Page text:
We also have pretty good data More effective PCR tests more rapidly with throat and saliva samples than with omicron nasal samples – perhaps a function it is most likely to reproduce. Most home tests still require you to pick your nose. And despite the research, the FDA asked everyone still in the nose direction, because they don’t have any data on how the tests work with other samples. I’ve talked about how I wish the FDA would have adopted the clear direction of scientific research sooner, and this is one such example, although I understand it’s hard to do with the multitude of trials. experience out there.

What is my advice for getting tested? First, if the situation is critical, it’s still best to do the PCR test at the testing facility, a list of which can be found at coronavirus.utah.gov. Currently, many of those facilities are experiencing delays and turnaround times, so don’t hesitate to call to inquire about the current status of each location for the fastest possible results.

One option that eliminates waiting times for appointment scheduling is Intermountain Healthcare’s self-service check. Basically, you receive the PCR test, collect the sample yourself at home or in the car, and then send the sample at the Intermountain facility. Intermountain then emails you the results. Those results can still take more than 24 hours to get, but it can be the fastest or most convenient option for people who can’t make an appointment for work.

If the results just take too long for those tests, the quick tests may be your only option. Those things are hard to find lately.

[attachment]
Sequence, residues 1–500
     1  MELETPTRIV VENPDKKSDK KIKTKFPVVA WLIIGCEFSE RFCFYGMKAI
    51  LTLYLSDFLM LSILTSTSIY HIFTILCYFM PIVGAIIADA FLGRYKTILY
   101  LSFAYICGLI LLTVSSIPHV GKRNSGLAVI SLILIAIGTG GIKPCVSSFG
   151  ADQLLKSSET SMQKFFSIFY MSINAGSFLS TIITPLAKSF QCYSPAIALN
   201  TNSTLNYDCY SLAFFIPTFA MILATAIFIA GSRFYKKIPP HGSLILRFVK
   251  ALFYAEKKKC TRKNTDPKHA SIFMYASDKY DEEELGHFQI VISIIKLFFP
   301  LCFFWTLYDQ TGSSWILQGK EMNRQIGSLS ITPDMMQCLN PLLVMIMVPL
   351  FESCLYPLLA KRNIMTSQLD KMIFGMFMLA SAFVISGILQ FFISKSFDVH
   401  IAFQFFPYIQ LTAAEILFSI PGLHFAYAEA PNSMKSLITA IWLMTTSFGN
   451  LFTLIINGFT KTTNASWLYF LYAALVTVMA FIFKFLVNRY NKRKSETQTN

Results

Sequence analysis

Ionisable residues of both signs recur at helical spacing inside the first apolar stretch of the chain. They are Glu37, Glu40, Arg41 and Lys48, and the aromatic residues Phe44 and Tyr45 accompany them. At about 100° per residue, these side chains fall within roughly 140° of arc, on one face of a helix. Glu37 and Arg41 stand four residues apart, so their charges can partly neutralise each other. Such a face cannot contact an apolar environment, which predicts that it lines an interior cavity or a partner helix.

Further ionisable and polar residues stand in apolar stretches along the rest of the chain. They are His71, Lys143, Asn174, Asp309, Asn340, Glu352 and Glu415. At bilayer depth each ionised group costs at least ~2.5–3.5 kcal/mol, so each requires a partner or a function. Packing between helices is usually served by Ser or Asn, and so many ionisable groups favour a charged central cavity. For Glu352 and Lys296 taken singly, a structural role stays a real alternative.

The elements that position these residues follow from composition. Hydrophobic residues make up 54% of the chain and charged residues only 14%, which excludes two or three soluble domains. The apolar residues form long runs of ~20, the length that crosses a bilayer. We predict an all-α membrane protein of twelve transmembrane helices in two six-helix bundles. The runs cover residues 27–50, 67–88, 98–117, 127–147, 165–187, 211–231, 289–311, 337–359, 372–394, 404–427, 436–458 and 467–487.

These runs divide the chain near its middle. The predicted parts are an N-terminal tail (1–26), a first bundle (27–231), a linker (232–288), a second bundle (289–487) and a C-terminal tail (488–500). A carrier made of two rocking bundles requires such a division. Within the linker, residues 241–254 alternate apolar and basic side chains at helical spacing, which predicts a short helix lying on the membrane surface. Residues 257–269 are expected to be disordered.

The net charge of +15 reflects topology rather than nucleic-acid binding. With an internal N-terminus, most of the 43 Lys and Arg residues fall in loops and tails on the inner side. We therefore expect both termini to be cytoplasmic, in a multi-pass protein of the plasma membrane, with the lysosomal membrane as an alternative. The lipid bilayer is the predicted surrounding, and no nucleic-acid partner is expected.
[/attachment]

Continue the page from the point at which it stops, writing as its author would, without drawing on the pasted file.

Online product trackers like Now in stock Keep track of when online retailers have various tests in stock for shipping to your door. I recommend checking out that site and stocking up on a few of them before getting sick. Then you’ll have the tests when you need them.

What if you can’t wait for them to be shipped? I recommend visiting major retailers like Walmart, Target and CVS to see what tests stores have in stock on shelves. At the time of this writing, Walmart and Target don’t have any tests in stock and CVS doesn’t have any near me in Salt Lake City – but if I drive to Valley City locations Their West or West Jordan, they’ve got the shelves.

Of course, in-store inventory tracking is never perfect, and be nice to the staff at pharmacies, retail stores, and testing facilities if they can’t accommodate your needs. . To be sure, a lack of willingness to experiment is a huge cause of mismanagement in the face of extremely predictable demand – but not by the actual workers in those places.

It’s just ordinary people, doing the best they can in the face of unprecedented levels of illness in our community. And boy, do most of us know that feeling.

Andy Larsen is the data columnist for The Salt Lake Tribune. You can contact him at alarsen@sltrib.com.

https://www.sltrib.com/news/2022/01/07/andy-larsen-what-you-need/ What you need to know about testing and more to pass omicron

Yasmin Harisha